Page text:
On July 12, 2023, an HRI fair housing tester presenting as a prospective tenant contacted Charlesgate Realty Group, LLC concerning an available apartment at 219 Commonwealth Ave #44, Chestnut Hill, MA 02467 listed on Trulia. At all relevant times, Zee 219 Commonwealth LLC owned the apartment. The listing advertised a one-bedroom apartment for $2,900 per month. The tester sent a text message to the listing's phone number, (603) 721-1631, which is associated with a broker named Olesea Bejan. When the tester asked if a Housing Choice Voucher could be used, the broker replied that it would not be accepted.

The landlords and brokers have until June 20 to file replies, according to the court docket.

Complete complaint - with names of the landlords and brokers (2.1M PDF).

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Comments

The Section 8 program got a big overhaul when Biden became president. One important change is that there's a representative working for HUD that can interface with the landlord if something goes wrong. So Landlords don't need to fear a deadbeat tenant trashing the place with no recourse. And the vouchers pay more too.

Can't say I have firsthand knowledge on either side but it seems like the program has been improved. (Assuming you can get a voucher at all.)

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Voting closed 32

Do voucher amounts include first, last, security and broker fees (when applicable)? Thx

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The vouchers only cover rent when rent is due. So no up-front payment of first/last but they will cover those payments on the 1st of those months.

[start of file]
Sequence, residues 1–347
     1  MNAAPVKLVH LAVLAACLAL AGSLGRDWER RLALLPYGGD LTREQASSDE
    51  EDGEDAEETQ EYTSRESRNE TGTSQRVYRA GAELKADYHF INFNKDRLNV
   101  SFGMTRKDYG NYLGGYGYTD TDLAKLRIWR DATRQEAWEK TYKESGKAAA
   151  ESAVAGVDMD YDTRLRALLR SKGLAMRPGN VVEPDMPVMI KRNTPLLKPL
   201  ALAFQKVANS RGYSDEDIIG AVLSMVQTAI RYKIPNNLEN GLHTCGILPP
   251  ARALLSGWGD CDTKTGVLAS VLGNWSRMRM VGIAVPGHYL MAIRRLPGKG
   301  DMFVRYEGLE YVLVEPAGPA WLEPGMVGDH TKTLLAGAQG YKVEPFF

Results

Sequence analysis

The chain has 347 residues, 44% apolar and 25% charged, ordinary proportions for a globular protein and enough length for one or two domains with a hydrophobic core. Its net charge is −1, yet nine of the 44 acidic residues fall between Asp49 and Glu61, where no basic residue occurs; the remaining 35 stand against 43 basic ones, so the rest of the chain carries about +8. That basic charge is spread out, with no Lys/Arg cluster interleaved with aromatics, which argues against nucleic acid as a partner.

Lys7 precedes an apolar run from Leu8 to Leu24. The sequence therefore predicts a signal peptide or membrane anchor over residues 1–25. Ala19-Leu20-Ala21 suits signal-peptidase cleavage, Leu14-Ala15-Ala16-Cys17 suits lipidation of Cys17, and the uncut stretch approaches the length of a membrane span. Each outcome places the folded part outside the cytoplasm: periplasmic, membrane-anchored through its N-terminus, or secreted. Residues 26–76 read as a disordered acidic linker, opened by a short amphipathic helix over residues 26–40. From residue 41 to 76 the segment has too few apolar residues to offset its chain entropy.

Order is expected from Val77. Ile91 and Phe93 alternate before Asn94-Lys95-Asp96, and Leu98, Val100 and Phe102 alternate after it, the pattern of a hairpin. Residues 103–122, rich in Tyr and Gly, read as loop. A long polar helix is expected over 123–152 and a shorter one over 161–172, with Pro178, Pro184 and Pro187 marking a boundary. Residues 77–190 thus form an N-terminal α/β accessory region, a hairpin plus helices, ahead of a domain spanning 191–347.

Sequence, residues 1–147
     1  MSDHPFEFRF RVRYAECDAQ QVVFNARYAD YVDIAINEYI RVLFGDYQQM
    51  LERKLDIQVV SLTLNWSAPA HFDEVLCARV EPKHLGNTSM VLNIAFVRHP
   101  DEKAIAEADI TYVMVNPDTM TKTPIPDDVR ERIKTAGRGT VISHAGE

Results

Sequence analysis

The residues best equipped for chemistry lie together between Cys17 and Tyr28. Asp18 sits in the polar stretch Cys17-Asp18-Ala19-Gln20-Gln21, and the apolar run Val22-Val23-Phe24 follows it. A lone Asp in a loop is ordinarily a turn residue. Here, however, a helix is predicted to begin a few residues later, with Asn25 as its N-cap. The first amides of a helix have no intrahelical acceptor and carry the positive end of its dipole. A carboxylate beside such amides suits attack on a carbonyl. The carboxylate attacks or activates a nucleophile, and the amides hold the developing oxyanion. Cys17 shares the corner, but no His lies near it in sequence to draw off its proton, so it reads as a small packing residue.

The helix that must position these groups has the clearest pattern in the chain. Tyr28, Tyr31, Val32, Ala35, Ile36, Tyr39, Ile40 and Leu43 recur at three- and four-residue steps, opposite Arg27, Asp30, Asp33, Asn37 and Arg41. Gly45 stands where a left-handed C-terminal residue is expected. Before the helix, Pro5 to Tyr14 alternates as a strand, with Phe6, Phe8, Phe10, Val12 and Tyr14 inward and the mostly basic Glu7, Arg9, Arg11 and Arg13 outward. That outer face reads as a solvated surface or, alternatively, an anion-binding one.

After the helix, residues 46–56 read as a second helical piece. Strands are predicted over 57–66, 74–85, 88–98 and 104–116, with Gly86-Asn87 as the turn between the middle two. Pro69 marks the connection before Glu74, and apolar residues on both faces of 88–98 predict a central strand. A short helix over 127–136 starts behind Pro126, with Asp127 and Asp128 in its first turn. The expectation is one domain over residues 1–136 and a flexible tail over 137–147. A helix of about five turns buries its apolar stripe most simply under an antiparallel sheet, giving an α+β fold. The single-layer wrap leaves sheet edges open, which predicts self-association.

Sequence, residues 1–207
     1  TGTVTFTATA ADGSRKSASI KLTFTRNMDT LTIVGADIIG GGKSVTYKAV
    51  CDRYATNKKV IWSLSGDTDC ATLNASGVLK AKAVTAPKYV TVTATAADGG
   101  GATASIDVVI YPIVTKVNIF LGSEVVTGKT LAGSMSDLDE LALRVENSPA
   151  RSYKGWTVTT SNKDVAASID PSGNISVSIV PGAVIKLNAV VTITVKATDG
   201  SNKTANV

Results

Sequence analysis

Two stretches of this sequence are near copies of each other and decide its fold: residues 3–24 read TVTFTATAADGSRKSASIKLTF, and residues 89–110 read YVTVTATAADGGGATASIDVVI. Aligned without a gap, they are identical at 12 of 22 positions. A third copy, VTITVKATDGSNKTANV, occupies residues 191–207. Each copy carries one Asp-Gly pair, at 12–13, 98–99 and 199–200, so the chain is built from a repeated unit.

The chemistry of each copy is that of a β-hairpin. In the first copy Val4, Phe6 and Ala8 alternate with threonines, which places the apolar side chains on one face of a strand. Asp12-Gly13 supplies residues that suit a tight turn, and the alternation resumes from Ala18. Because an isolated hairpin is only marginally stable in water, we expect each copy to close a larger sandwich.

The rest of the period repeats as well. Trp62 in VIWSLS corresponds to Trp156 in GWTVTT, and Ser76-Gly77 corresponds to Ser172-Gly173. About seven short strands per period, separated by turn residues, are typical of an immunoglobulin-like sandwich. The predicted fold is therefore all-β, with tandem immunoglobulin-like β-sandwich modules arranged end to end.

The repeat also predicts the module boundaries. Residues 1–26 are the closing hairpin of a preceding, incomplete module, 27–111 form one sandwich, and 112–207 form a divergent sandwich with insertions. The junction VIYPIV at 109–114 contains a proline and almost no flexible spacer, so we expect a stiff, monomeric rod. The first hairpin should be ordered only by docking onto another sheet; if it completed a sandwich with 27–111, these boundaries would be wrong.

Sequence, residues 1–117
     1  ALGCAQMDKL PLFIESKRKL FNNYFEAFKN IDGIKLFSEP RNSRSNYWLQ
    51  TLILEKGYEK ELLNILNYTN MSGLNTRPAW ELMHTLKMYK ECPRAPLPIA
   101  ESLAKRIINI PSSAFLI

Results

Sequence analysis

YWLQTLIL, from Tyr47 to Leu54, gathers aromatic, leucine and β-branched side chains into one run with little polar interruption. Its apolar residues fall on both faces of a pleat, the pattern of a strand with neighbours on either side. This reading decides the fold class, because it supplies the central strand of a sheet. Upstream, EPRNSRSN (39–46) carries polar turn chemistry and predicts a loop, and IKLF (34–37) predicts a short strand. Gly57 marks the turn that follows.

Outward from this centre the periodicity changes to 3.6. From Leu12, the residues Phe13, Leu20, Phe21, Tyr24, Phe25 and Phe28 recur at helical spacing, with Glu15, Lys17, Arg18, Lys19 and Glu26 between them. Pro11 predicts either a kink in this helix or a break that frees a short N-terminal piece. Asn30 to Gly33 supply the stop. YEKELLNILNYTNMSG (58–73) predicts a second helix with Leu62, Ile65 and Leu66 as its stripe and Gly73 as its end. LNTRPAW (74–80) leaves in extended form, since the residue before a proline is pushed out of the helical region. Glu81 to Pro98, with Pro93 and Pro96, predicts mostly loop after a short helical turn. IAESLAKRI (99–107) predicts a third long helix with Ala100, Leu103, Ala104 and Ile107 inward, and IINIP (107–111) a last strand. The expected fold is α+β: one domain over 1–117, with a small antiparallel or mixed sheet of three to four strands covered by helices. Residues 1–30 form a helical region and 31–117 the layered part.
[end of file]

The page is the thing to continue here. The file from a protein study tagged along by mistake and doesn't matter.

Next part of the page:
Security deposit isn't covered at all.

As a landlord you can't reject someone just because they are using a voucher but you can reject the applicant for a variety of other reasons.

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A remarkable housing lawsuit in that Alpha Management is not among the defendants. There's a first for everything, I suppose.

I hope the plaintiffs can find justice, or at least the housing that their vouchers entitle them to. It's a hard enough process to get housing assistance that being further stonewalled only increases the chances that the recipient ends up homeless or in unsafe housing.

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Oh, boy. At the end of the day, the broker of a real estate agency is ultimately responsible for what each agent does, so there are definitely some awkward conversations going on right now between agents and brokers. I hope the brokers have errors & omissions insurance for themselves and for their agents.

Primarily, this is a lack of training.

So this is a civil suit, apparently. And the NY company is suing to get money in exchange for being the "aggrieved party" even though there were no actual people looking to rent apartments who faced discrimination. That's not a common thing, is it? Regardless of its merits (of which there are many), isn't this just a "nuisance" case?

Discrimination based on source of income is reprehensible.

[PS. The NY company called places and said it had a voucher for $4,000 for a studio apartment. There are no vouchers that can be used for $4,000 studio apartments. In most of the examples included in the complaint, the NY company told the real estate agencies it had vouchers that couldn't possibly exist under current limits. At least that's the way I read it.]